Still processing it, tbh

Beast is a beautifully shot film with an amazing performance from both its leads. It's not the 'thriller' it's made out to be (not a bad thing) – it's an intense journey through relationships with a few jumpy moments. You'll have to draw your own conclusions – when you've watched, I recommend reading through the reddit thread!

entertaining, slightly odd film

The main two protagonists are brilliant, drawing you in to their intense web. Some great supporting characters in particular the horrifically awful mother. Multiple twists and turns. I don't want to say too much about the plot in case I spoil it. Just go see it

Tense atmospheric drama

A great little thriller.

A gritty love story between a troubled young girl and a mysterious island local with a secret past, set against a background of serial murder, secrets and mistrust.

I enjoyed this story and was pleasantly surprised that it don't pan out the way I thought it would.

Kept me guessing all the way through.

A nice change from the usual big budget effects driven films I have been watching lately.

Sex and Death

Not a murder mystery, and not a horror. But rather a close look at the emotional turmoil surrounding first love and leaving home... with a focus on the disconcerting emotional mess that is associated with sexuality and never really knowing your partner (or yourself).




Midsomer Murders loses the plot - SPOILERS!

Starts off well with some interesting pointers of things to come but never really delivers on any of them. Family acts a bit dark and dysfunctional - what darkness lies beneath, I wonder? None - mum's just a domineering cow. We start off liking Moll but turns out she's hiding a (not especially) dark secret that causes her to protect and later forgive a serial killer because she attacked someone with scissors when she was a young teen or something. Her serial killer love interest is a bit too vacuous to care about, as well as being a bit of a dick and everyone rightly thinks the worst of him. In essence, the lead characters are poorly rounded and Moll's development in particular seems disjointed and unreal. She does nothing to warrant the finale.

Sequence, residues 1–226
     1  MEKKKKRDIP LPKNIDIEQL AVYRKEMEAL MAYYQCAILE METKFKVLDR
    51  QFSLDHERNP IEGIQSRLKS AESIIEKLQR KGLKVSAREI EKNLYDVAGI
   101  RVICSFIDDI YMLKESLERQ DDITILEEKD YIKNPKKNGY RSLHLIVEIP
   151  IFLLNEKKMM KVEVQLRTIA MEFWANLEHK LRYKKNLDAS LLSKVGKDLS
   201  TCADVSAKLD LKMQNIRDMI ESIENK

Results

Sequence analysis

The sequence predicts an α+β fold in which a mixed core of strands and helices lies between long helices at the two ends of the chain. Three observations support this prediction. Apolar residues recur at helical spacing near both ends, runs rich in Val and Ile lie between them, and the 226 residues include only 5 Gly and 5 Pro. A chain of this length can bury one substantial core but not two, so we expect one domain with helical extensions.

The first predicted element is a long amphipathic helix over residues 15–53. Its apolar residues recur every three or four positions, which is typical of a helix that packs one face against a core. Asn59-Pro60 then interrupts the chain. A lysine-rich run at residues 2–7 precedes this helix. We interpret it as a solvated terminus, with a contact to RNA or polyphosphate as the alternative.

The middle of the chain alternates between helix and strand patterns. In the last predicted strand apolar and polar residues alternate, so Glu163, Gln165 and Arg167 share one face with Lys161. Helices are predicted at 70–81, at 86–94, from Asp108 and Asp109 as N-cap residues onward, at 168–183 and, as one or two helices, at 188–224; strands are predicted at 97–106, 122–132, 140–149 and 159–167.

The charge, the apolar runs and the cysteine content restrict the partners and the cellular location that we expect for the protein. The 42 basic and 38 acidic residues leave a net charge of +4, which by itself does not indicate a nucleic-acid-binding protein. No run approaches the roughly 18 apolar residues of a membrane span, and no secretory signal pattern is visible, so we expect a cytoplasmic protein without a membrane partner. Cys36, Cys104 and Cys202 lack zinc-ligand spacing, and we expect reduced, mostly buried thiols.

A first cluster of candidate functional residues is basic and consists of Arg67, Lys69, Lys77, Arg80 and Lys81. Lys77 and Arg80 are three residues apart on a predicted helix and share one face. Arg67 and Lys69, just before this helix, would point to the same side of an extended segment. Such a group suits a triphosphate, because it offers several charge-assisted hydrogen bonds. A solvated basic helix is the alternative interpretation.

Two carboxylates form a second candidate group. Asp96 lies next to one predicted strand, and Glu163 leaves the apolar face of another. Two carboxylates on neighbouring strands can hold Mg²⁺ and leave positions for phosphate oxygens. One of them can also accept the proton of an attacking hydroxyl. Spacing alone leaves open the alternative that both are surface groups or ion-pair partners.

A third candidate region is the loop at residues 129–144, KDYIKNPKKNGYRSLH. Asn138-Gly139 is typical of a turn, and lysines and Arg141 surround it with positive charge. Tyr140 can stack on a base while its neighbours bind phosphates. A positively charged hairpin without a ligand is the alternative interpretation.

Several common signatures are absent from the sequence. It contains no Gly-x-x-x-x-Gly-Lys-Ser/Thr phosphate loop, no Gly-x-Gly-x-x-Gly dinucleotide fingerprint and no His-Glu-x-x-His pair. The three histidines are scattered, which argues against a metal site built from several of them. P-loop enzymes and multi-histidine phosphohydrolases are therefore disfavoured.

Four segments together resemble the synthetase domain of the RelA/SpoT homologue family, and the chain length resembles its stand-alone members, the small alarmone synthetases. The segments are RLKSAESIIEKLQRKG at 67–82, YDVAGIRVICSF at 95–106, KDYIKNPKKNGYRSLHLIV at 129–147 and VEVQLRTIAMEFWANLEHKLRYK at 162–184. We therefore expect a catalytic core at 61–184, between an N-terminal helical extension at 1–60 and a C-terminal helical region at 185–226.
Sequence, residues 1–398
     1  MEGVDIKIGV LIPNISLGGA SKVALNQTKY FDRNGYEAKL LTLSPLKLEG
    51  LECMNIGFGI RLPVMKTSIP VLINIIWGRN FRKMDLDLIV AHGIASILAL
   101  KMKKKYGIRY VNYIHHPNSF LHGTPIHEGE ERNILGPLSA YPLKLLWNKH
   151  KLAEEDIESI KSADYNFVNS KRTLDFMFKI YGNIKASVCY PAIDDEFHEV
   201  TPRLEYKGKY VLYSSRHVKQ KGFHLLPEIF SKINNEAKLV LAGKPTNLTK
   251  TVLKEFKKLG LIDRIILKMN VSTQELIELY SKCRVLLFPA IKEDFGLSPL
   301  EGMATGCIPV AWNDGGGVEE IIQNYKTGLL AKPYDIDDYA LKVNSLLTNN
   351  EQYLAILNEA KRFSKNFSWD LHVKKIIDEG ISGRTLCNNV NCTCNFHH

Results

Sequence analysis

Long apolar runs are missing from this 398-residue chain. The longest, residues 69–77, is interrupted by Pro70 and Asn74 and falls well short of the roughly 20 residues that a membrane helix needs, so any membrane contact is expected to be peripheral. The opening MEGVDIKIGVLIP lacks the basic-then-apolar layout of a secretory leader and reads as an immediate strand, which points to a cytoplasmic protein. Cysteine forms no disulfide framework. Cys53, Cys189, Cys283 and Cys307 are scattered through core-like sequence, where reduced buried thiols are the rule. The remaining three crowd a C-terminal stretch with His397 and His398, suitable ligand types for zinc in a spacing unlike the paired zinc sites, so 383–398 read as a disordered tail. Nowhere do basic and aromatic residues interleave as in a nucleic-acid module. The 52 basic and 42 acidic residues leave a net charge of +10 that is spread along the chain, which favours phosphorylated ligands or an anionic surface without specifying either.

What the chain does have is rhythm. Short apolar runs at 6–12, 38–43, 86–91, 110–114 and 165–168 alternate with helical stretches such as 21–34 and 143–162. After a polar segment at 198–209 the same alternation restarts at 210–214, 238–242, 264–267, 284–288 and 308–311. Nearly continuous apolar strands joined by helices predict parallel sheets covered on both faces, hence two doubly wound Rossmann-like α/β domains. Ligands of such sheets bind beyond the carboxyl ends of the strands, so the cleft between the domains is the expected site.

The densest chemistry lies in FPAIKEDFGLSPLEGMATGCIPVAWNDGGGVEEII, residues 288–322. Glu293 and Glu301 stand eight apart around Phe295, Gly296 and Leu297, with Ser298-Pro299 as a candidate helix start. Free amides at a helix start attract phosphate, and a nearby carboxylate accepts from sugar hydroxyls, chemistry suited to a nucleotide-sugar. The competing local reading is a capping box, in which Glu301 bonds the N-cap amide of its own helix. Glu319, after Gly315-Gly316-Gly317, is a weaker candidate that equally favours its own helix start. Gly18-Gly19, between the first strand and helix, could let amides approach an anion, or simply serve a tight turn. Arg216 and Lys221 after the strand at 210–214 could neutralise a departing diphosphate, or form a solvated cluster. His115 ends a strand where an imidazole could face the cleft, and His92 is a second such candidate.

The subplot of murders going back years is handled badly with the police coming across as totally inept and unprofessional. The lack of character depth to the lead characters meant I'd stopped caring which one of them it was - and you knew it was going to be one of them. The only surprising aspect was that it turned out to be the one everyone thought it was to begin with. Midsomer Murders wouldn't have allowed that! The final plot twist was a bit of a surprise in a yeah nah sort of way but was basically an unnecessary blood splatter just to round things off.

Cinematically beautiful and chilling

It was absolutely beautifully shot, at times combining the freedom of the ocean with the claustrophobia of drowning.

The acting was great throughout the cast, so many subtleties that had you questioning, wondering, trying to figure out. A movie that keeps you wondering long after you have left the cinema and well worth the watch.

While it felt like it could have ended at a few different points, it still kept you guessing at many all the turns, and the realisation that trying to figure out yourself is one thing, figuring out the people in your life is whole 'nother story.

Atmospheric and moody

A bit melodramatic in parts and it kind of overstays its welcome but it excels in mood and atmosphere which is boosted by a ferocious score. Well performed, with interesting characters. Kind of frustratingly but also cooly (is that a word?) open ended in a way. If Flicks allowed half stars, I would give it half a star more.




Gloom and beauty

Film weighs on you during and long after. Everyone seems so full of sadness, repression and regret. Powerful film. Spectacular scenery.